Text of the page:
When you include the American Institute for Cancer Research in your estate plans, you make a major difference in the fight against cancer.

Corporate Champions who partner with the American Institute for Cancer Research stand at the forefront of the fight against cancer

The Continuous Update Project (CUP) is an ongoing program that analyzes global research on how diet, nutrition and physical activity affect cancer risk and survival.

A major milestone in cancer research, the Third Expert Report analyzes and synthesizes the evidence gathered in CUP reports and serves as a vital resource for anyone interested in preventing cancer.

AICR has pushed research to new heights, and has helped thousands of communities better understand the intersection of lifestyle, nutrition, and cancer.

Read real-life accounts of how AICR is changing lives through cancer prevention and survivorship.

We bring a detailed policy framework to our advocacy efforts, and provide lawmakers with the scientific evidence they need to achieve our objectives.

AICR champions research that increases understanding of the relationship between nutrition, lifestyle, and cancer.

AICR’s resources can help you navigate questions about nutrition and lifestyle, and empower you to advocate for your health.

AICR is committed to putting what we know about cancer prevention into action. To help you live healthier, we’ve taken the latest research and made 10 Cancer Prevention Recommendations.

February 5, 2013 | 1 minute read

Creamy Vegetable Curry

, Creamy Vegetable CurryIn honor of National Cancer Prevention Month, our Healthy-e-Recipe for Creamy Chickpea Curry puts butternut squash and chickpeas together with rutabaga in a tasty cancer-fighting curry.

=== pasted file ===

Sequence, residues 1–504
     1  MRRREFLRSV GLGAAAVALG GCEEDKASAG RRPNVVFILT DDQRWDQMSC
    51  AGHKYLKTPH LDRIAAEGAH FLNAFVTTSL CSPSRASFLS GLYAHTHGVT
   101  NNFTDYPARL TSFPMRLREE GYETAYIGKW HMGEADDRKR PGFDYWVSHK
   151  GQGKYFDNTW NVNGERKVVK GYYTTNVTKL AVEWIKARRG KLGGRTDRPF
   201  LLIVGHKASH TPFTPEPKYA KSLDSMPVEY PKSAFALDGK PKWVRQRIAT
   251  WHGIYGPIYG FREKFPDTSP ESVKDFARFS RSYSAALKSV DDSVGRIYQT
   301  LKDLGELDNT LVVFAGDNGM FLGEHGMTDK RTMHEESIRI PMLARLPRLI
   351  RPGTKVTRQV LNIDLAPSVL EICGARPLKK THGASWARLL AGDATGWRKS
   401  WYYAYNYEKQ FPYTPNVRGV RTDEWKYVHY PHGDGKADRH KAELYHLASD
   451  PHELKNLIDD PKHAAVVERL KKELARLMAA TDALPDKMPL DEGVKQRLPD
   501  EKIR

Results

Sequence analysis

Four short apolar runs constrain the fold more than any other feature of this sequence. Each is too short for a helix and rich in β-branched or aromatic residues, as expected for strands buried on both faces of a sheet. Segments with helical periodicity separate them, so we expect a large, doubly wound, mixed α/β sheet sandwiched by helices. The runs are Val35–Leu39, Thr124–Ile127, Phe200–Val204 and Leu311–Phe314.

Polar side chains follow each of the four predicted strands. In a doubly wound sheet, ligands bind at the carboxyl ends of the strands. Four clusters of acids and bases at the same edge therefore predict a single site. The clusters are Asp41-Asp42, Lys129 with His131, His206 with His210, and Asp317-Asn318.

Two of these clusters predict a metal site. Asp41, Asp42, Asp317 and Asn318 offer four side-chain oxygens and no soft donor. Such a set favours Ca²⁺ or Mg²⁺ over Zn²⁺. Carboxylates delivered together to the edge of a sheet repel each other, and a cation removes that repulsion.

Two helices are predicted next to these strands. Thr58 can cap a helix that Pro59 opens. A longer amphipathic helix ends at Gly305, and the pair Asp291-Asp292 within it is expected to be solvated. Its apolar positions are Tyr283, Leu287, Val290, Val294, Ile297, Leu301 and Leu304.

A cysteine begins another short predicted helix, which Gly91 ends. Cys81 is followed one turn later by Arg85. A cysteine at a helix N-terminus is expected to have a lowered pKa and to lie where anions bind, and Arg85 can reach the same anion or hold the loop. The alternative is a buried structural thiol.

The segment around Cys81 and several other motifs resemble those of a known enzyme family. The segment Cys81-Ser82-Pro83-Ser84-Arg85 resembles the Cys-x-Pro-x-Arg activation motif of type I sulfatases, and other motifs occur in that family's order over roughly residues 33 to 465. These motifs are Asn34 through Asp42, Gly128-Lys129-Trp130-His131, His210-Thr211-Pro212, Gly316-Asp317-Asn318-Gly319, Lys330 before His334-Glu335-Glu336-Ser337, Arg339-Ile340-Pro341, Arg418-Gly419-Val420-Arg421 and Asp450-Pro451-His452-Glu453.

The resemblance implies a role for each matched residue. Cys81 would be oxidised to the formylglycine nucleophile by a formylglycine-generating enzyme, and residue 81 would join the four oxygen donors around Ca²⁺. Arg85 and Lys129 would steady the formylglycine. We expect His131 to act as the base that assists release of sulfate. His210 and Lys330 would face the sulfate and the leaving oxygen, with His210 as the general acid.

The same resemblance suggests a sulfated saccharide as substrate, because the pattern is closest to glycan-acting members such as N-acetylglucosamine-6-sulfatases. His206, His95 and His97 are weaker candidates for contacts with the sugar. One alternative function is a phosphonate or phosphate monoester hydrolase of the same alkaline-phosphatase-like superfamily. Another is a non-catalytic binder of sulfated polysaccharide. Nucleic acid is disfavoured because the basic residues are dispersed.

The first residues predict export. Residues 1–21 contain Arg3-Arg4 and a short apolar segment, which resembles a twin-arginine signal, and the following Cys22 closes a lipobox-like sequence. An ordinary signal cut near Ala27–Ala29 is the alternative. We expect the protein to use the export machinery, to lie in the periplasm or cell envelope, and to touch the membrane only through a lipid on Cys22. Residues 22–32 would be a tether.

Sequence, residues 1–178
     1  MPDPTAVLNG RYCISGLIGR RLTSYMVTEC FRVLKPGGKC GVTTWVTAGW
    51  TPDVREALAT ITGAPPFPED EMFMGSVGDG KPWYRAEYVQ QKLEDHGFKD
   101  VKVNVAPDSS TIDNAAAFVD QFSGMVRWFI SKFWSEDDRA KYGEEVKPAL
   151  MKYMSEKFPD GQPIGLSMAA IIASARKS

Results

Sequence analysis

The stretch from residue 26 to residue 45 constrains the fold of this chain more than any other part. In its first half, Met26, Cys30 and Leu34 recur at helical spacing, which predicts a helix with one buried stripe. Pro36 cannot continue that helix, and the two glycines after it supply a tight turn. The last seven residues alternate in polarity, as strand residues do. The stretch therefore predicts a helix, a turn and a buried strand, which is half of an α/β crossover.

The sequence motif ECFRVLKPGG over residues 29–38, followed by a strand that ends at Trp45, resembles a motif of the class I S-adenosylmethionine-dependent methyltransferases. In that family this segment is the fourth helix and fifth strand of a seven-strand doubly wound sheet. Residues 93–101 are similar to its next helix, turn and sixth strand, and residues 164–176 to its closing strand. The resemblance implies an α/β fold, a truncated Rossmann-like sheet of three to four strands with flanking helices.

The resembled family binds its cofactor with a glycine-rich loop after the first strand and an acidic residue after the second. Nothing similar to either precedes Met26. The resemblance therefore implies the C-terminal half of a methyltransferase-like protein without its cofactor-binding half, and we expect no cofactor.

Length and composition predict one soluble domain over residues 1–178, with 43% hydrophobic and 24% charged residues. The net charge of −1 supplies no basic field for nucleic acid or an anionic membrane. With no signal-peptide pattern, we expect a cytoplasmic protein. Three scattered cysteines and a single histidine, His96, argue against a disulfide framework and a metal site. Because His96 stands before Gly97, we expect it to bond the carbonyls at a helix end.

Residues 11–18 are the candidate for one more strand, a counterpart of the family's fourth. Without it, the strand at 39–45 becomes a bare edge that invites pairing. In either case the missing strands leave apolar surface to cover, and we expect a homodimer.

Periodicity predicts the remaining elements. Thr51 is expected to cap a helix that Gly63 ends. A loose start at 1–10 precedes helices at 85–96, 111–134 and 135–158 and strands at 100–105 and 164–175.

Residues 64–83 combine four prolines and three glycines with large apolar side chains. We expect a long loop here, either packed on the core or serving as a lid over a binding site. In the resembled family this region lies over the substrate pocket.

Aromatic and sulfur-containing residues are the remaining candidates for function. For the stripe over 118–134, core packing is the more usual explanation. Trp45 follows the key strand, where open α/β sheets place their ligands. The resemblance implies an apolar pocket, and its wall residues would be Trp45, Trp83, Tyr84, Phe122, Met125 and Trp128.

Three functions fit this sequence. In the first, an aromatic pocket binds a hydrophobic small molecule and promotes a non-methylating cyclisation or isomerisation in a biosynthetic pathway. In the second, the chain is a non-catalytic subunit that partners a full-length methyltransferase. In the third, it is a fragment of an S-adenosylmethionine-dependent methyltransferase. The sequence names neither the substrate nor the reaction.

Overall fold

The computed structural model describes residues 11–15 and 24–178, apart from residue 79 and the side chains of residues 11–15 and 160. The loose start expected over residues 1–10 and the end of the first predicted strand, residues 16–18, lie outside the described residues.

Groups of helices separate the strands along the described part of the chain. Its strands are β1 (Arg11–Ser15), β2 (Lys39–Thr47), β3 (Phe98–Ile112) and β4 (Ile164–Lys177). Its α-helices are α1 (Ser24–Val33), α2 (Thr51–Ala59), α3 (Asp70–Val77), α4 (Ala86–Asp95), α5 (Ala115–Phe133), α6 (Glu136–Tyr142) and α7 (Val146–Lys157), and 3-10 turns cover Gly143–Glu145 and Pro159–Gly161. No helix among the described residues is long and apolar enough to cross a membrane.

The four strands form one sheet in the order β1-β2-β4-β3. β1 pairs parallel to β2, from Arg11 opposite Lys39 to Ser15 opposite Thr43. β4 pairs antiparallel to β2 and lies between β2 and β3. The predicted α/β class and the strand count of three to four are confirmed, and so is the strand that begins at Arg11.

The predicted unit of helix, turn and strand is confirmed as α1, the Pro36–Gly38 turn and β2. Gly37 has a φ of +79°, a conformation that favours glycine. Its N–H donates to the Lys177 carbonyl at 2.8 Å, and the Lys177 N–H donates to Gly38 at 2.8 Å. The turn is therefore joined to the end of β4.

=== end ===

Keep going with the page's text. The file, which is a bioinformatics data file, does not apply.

Rutabagas are a cruciferous vegetable, like the broccoli you’ll also find in this recipe. Both provide plenty of sulforaphane, a powerful phytochemical. The antioxidant beta-carotene in the squash and carrot, plus organosulfides in the onion and garlic and protective compounds in the spices add up to a very healthy dish. Red bell pepper adds vitamin C.

The taste is enhanced with buttery-tasting chickpeas, which add even more fiber to that of the vegetables. Fiber is identified in AICR’s Continuous Update Project as strongly linked to reduced risk for colorectal cancer. This curry’s ingredients are brought together with delicious coconut milk, a healthy substitute for butter or cream.

Serve this dish over brown rice to get the most fiber. For more delicious cancer-fighting recipes, visit the AICR Test Kitchen. Click here to subscribe to our monthly Health-e-Recipes.

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